peteg's blog

Quarterly Essay #41, David Malouf: The Happy Life: The Search for Contentment in the Modern World.

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I bought this at the Bookshop before my abortive move to Canberra in March 2011, fully two years ago. Since then it has been glaring at me balefully from my bedside table; it is difficult to get into as bedtime reading, which means I have read the first section five times, the second three and the rest once while drowsy.

The first half is long on promise, riffing on various notions of happiness in western culture, and Jefferson's "pursuit of happiness" at length. I enjoyed his comparison and partial reconciliation of the Greek and Christian origin-of-man myths, and the impact on technology and rapid change on humanity's imagining of time and experience. He channels the latter through the French thinker Marquis de Condorcet, also known for his work on voting theory.

I failed to be gripped by his take on the pleasures of the flesh, or his concluding ruminations on why we in the West remain unhappy despite having our material desires by-and-large satisfied. I wondered why he didn't invoke Aristotle on this topic, for those old ideas of "the good" (lagom in Swedish) resonate with Malouf's apparent contention that happiness is some transient rapprochement between comfortable repose and the striving restlessness that forces us to seek the new. That it is of limited duration and scope is surely something that can be analysed by neuroscientists; there just might be a form of happiness that is durable and never-ending, though it probably involves drugs not yet invented. That the big ideas are truly mind-blowing, and do not induce happiness in the average person, is a bit trite to observe; my search for comprehension has rarely satisfied me, let alone made me happy, but I feel it to be necessary nevertheless.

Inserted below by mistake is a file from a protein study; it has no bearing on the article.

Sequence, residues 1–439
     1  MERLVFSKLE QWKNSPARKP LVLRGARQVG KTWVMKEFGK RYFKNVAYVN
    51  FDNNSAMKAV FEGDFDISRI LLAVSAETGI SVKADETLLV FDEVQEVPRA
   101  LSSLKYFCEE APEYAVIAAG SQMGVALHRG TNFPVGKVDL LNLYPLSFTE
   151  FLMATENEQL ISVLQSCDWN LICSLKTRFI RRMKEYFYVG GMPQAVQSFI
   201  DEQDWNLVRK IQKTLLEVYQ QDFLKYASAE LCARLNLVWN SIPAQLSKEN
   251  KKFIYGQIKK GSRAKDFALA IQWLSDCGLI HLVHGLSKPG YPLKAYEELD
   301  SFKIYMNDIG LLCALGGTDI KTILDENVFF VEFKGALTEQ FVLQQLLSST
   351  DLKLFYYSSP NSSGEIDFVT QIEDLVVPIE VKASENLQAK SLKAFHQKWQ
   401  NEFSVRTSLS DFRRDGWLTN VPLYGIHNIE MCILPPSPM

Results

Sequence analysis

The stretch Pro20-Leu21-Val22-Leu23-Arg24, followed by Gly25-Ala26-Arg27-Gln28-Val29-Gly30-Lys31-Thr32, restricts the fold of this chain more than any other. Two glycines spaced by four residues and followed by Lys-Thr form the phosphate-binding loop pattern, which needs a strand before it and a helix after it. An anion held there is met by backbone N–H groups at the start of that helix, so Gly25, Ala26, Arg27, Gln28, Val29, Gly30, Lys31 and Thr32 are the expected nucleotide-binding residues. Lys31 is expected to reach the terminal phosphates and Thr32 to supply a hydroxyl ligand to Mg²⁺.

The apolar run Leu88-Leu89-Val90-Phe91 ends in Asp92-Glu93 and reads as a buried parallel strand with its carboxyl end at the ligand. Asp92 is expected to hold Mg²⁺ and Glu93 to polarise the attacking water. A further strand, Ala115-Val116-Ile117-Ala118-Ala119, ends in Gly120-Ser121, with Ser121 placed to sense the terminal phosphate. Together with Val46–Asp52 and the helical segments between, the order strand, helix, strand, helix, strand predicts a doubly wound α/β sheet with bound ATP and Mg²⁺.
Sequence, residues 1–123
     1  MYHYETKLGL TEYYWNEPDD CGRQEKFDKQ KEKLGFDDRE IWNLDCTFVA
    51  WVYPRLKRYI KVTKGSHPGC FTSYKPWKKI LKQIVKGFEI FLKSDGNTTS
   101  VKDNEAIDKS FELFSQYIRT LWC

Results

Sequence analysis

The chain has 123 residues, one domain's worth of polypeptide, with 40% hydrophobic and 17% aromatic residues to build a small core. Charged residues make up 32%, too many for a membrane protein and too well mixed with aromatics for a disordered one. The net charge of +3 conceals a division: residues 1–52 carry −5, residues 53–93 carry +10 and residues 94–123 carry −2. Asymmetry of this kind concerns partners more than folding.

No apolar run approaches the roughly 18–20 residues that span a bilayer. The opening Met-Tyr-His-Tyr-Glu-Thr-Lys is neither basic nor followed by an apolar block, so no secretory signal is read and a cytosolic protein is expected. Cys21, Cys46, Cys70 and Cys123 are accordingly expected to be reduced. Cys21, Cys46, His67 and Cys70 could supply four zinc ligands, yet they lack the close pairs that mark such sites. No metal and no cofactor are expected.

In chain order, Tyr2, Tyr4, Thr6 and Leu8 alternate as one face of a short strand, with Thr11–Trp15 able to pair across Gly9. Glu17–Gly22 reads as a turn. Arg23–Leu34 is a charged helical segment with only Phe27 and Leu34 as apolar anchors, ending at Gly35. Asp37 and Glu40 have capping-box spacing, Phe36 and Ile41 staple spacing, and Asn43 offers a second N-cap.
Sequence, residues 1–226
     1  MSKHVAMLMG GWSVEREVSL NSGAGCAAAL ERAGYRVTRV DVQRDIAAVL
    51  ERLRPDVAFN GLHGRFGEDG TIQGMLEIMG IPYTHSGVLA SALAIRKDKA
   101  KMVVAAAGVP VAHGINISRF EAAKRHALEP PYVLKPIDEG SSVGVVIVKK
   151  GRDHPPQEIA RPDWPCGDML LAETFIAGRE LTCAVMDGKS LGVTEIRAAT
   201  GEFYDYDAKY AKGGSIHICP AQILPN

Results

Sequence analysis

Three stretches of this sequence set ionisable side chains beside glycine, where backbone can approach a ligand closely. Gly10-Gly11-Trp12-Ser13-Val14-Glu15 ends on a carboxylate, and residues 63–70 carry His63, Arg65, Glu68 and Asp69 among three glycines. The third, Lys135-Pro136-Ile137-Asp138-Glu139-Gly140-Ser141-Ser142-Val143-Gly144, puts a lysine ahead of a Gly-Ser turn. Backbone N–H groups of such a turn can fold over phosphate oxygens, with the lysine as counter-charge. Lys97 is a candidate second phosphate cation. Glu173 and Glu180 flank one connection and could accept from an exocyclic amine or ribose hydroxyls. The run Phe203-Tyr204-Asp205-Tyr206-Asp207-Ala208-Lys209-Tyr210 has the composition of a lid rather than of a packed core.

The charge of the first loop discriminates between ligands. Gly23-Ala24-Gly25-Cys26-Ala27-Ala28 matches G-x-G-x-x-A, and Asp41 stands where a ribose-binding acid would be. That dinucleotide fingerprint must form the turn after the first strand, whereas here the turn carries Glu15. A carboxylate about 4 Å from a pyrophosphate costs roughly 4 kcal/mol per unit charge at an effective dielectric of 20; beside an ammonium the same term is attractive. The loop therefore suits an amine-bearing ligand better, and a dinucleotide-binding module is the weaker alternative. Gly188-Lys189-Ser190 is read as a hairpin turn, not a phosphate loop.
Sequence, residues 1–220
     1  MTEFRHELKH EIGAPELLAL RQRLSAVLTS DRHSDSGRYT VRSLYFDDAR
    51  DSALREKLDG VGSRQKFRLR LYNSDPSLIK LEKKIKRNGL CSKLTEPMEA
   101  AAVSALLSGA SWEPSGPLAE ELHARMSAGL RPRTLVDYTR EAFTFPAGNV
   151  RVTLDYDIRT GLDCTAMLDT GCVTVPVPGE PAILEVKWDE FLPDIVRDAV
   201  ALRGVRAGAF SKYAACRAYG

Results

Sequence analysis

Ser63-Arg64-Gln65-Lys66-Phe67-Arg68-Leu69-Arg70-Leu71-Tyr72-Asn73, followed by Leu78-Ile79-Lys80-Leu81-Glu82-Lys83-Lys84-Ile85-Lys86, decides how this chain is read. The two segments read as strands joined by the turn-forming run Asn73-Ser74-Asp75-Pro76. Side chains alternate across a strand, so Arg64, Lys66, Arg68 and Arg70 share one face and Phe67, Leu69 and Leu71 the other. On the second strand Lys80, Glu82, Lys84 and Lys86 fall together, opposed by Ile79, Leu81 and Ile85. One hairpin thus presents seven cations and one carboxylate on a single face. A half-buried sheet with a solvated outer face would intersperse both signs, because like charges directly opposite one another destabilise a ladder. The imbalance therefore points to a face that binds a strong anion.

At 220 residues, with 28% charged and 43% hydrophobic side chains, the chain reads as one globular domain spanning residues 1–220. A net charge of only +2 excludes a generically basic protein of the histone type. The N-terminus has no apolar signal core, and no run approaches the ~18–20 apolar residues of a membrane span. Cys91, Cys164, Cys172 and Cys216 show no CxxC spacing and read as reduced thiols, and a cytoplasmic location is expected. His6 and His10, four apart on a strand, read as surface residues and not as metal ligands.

Lazily I could ask if it is really clear that happiness is morally valid; for Westerners it supervenes on many dubious practices, not the least of which is the assumed infiniteness of the inputs to the industrial machine. Is it really true that people are pursuing happiness — long work hours would suggest not — and what would society look like if they attained it? The rarity of it (and similar desired states) is a big part of what makes it valuable.

Malouf argues that happiness is unmeasurable, a purely subjective experience, and this puts it beyond the reach of statistical analysis and hence fields like economics. (The economists understand this when they shun intersubjective utilities, though they are always tempted to treat happiness as something that can be optimised.) For him there is no one-size-fits-all account of happiness, which ironically limits what this generalist kind of writing can tell us.

There is a lengthy excerpt in the SMage. Apparently this ~50 page essay has been expanded into a ~100 page book.